|Guernica (ɡɜːˈniːkə, ˈɡɜːnɪkə, Spanish ɡɛrˈnika)|
|Basque name: Gernika a town in N Spain: formerly the seat of a Basque parliament; destroyed in 1937 by German bombers during the Spanish Civil War, an event depicted in one of Picasso's most famous paintings. Pop: 15 454 (2003 est)|
|a scrap or morsel of food left at a meal.|
|a gadget; dingus; thingumbob.|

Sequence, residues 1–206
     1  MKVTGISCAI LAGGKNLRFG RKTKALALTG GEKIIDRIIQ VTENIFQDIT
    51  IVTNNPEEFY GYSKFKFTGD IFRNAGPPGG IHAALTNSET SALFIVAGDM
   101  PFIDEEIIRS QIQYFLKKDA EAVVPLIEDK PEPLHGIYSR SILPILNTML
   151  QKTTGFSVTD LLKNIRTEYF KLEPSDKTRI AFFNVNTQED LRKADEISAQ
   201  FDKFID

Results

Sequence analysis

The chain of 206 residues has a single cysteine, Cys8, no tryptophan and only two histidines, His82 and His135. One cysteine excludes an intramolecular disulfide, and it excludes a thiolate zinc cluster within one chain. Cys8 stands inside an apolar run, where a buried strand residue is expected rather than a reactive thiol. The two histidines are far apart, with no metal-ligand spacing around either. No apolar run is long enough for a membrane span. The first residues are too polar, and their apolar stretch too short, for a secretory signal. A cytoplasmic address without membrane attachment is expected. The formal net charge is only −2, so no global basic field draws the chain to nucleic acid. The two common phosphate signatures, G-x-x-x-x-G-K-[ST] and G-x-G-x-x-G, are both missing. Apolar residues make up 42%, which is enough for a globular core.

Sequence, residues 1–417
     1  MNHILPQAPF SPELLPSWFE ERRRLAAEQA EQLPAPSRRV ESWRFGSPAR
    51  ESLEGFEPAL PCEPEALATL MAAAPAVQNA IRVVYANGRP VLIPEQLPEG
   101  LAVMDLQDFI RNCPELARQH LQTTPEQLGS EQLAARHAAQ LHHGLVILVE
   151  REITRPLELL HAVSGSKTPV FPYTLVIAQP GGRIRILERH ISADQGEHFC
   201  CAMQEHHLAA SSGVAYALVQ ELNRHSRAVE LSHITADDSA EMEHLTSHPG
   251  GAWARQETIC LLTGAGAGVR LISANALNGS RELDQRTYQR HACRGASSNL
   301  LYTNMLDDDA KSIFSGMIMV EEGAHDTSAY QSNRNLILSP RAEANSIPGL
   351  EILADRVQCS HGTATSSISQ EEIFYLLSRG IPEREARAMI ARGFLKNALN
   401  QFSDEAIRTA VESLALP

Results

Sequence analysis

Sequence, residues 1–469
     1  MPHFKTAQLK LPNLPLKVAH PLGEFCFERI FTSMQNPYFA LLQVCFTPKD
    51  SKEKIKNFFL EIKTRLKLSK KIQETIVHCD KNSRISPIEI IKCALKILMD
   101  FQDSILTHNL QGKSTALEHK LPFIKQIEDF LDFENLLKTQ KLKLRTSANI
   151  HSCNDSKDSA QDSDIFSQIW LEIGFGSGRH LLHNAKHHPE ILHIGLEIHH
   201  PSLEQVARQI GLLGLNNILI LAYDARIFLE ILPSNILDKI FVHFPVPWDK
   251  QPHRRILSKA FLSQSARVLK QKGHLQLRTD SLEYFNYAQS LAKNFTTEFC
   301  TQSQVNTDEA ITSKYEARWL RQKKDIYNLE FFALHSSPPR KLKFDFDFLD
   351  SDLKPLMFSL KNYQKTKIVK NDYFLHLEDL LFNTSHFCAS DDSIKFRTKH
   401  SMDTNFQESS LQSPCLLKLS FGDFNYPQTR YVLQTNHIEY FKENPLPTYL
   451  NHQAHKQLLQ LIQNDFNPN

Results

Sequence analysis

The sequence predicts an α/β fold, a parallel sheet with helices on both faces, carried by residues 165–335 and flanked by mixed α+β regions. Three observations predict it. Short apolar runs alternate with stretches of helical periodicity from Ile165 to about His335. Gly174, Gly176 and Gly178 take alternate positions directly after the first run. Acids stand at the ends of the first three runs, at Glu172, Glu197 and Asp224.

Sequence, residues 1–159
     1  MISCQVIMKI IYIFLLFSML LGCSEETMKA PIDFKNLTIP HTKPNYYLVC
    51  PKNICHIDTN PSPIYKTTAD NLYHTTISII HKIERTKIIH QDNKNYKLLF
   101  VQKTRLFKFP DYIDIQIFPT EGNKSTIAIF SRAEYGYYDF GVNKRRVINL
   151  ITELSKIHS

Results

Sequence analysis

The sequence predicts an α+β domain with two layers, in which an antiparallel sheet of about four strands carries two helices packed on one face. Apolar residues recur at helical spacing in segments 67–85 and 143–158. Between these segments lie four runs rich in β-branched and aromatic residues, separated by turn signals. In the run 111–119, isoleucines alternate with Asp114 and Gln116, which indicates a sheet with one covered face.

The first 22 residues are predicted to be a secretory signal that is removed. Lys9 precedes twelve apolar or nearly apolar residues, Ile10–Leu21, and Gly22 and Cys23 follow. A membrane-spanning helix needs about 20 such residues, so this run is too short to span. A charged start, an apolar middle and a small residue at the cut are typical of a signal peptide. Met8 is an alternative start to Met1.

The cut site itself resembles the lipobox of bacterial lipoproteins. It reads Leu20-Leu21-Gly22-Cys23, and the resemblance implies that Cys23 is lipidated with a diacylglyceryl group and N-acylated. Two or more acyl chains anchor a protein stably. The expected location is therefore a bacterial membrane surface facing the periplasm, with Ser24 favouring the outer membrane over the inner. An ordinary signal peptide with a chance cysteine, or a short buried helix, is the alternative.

city, just northeast of Bilbao, Vizcaya provincia (province), in the comunidad autonoma (autonomous community) of Basque Country, northern Spain. The city, on the Rio de Plencia (Butron) near the inlet of the Bay of Biscay, is the statutory capital of the former lordship of Vizcaya, sacred to the Basques. It is symbolized by a venerable oak, the Guernikako arbola (tree of Guernica), under the branches of which the batzarraks (councils) of Vizcaya met to determine defense policies and to receive royal assurances of fueros (charters of privileges), which were retained from the Middle Ages through the 19th century. In 1366 Count Tello organized Guernica as an enclave, autonomous from the surrounding district of Luno, a status that endured until 1882, when Guernica and Luno were united as a municipality.
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